[Aptitude-devel] Design notes on producing better (or at least more predictable) resolver results.

Daniel Burrows dburrows at debian.org
Wed Mar 4 07:32:17 UTC 2009

  OK, the core code for promotions is in.  I want to clean up some of
the resolver internals before I go any farther: right now there are two
ways of representing the choices the resolver has made, and it needs to
convert back and forth between them at runtime.  More importantly, it
makes the code hard to follow.  The new system (based on choice and
choice_set) is the way to go IMO: it makes everything a lot more
straightforward, and provides a more straightforward way to add new
types of choices in the future (e.g., "replace this package").  The
new code has been added with an eye to eventually using choice_set or
something like it in the solution class (although I need to figure out
where the "id" value is stored; ideally "action" would become just a
wrapper for choices that adds an ID, but then you still need to convert
to and from it; eh, maybe I can have IDs attached to choices)

  I was a little disappointed with the performance.  It appears to be
visiting fewer search nodes in a simple "safe-upgrade", by about a
factor of 4, but it's not much faster in real time.  End statistics:

open: 5; closed: 4575; defer: 8038; conflict: 15 
real	0m45.121s
user	0m41.787s
sys	0m0.344s


open: 9; closed: 1511; defer: 2710; conflict: 1
real	0m39.457s
user	0m38.458s
sys	0m0.080s

  That suggests that the promotion set is working to accumulate
information about deferred packages.  However, I wonder whether it's
being accumulated as effectively as possible: perhaps looking at some
logs (tomorrow, when I'm not sleepy) will reveal obvious oversights.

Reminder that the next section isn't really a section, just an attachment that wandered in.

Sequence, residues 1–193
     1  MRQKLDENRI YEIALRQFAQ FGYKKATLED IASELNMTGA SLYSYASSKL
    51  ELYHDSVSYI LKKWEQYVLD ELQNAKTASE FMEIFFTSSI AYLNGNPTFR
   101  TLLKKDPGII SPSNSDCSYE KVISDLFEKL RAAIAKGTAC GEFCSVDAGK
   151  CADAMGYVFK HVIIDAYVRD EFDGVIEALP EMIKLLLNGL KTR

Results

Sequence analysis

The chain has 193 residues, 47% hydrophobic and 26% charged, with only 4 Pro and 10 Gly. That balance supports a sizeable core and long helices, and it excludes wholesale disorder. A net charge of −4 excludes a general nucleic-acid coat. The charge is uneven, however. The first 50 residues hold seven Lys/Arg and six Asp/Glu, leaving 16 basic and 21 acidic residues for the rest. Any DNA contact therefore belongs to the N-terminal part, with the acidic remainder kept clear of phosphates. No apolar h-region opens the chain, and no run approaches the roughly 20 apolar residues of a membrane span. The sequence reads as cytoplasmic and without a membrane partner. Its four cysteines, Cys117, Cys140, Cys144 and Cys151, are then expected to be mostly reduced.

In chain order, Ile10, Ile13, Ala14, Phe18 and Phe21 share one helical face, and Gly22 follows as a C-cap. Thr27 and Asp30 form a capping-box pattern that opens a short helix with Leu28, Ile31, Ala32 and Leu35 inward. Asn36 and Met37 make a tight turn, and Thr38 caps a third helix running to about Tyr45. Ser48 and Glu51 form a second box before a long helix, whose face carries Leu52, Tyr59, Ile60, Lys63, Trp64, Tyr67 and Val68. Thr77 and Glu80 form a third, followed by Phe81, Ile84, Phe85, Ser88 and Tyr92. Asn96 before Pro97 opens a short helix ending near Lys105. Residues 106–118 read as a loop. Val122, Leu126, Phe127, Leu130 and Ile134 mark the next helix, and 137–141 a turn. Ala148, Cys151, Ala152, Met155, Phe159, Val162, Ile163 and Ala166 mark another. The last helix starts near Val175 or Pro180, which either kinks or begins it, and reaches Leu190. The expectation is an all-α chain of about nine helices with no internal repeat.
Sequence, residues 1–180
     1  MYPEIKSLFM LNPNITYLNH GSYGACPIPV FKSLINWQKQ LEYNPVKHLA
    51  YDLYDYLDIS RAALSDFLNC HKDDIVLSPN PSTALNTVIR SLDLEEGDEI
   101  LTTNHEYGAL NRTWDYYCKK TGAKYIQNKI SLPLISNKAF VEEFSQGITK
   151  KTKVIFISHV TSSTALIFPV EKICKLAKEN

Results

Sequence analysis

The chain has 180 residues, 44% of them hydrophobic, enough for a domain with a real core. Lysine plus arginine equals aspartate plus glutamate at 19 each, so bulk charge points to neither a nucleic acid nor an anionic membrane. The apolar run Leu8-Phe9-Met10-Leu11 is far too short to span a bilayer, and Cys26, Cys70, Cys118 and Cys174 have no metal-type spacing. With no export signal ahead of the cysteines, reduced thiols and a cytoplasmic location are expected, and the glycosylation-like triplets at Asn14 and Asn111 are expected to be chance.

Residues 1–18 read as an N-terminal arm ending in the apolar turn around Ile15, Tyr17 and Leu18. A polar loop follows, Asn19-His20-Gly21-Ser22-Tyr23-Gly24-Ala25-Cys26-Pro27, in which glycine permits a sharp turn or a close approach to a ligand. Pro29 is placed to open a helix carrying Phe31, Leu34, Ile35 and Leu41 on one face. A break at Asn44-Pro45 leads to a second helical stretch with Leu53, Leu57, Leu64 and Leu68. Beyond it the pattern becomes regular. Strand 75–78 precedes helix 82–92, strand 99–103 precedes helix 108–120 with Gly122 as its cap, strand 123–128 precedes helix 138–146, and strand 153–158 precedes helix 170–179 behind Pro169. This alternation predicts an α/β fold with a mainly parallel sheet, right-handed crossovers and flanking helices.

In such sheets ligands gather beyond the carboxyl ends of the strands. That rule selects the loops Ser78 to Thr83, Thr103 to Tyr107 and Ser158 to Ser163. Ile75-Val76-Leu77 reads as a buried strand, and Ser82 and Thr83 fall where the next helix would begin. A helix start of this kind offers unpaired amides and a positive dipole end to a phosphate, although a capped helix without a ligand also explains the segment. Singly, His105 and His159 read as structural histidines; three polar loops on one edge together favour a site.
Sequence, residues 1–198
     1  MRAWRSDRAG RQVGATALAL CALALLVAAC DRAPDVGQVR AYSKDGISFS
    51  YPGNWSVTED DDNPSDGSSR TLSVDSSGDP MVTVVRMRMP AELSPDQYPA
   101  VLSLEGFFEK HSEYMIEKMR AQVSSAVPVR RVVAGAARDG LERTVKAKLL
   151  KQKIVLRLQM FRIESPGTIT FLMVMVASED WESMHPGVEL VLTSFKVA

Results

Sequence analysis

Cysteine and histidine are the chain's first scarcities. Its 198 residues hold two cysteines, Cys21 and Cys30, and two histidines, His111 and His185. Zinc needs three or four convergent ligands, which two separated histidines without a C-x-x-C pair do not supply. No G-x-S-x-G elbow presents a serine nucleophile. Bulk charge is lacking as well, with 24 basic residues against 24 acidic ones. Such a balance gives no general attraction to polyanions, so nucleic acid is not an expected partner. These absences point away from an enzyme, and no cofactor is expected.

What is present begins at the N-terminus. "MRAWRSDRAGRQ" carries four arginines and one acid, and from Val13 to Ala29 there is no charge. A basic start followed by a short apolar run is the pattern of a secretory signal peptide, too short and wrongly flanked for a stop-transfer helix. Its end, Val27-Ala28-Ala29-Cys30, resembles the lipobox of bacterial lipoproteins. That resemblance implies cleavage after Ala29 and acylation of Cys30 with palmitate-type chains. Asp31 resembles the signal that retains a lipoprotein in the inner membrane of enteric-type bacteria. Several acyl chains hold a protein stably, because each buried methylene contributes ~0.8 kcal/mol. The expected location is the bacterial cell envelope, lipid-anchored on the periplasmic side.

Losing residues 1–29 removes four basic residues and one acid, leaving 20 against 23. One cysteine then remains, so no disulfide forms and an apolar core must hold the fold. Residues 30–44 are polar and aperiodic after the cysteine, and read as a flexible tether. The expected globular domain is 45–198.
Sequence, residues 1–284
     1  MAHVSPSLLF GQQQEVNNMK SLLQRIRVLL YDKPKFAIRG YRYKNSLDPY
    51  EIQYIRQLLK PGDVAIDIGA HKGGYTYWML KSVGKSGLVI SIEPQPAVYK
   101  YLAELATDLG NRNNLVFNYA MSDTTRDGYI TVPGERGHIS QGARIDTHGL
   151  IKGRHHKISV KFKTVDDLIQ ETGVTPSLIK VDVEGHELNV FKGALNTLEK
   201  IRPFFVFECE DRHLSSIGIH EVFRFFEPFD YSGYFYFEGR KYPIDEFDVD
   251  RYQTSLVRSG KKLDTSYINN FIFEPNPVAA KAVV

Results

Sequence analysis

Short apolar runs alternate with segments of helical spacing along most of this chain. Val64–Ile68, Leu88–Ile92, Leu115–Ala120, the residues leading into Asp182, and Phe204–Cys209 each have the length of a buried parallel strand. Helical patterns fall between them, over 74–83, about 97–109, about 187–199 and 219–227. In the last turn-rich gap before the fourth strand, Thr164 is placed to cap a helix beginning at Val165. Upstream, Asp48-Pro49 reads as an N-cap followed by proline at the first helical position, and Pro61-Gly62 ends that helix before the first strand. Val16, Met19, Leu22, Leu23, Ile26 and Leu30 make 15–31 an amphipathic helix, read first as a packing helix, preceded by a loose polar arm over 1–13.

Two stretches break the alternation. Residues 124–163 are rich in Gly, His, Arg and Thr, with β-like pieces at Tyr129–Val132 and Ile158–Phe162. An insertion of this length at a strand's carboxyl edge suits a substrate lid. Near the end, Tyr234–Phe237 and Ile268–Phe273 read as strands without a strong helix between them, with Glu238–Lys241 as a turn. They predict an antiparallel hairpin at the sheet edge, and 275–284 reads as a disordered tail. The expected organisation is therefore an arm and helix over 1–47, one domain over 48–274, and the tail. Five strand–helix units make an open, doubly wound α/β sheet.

It seems (to me) like an excessive number of steps to decide on 36 new
installs and 18 keeps.

  Another not-at-all unlikely possibility is that the new code just
isn't very efficient.  I eliminated some obvious inefficiencies in the
old code, but probably introduced some new ones.  Also, some of the
obvious inefficiencies might not have been so inefficient after all
(e.g., maybe I replaced a small vector with a balanced tree, where
the vector always has <= 3 elements, or something equally dumb).
I also noticed that there are a number of places where the resolver
does a bunch of redundant computation for sanity-checking; if it
produces a noticeable speed improvement, it might be worth yanking that

  I also tried disabling the new log4cxx stuff completely (i.e.,
compiling it out rather than just turning logging off).  It looks like
there's about a 10% overhead -- bearing in mind that this is a totally
unscientific measurement, that's not too bad considering how useful it
is.  (also kind of surprising, though; I wouldn't think that checking
an integer every once in a while would take so much CPU time!)

  I might try profiling, if I can remember how to profile software on
Linux without it being a horribly miserable experience for all
concerned :).

  One interesting thing from the search: I ran it with tracing on, and
I notice that it finds the solution that it ultimately uses quickly,
then at the end of the log we see:

INFO  aptitude.resolver.search -  *** Out of solutions after 1985 steps.
INFO  aptitude.resolver.search -  *** open: 0; closed: 1518; promotions: 4; deferred: 2721

  That suggests that it isn't doing a very good job of figuring out
that it can just throw out the rest of the solutions.  Something to
look into tomorrow.


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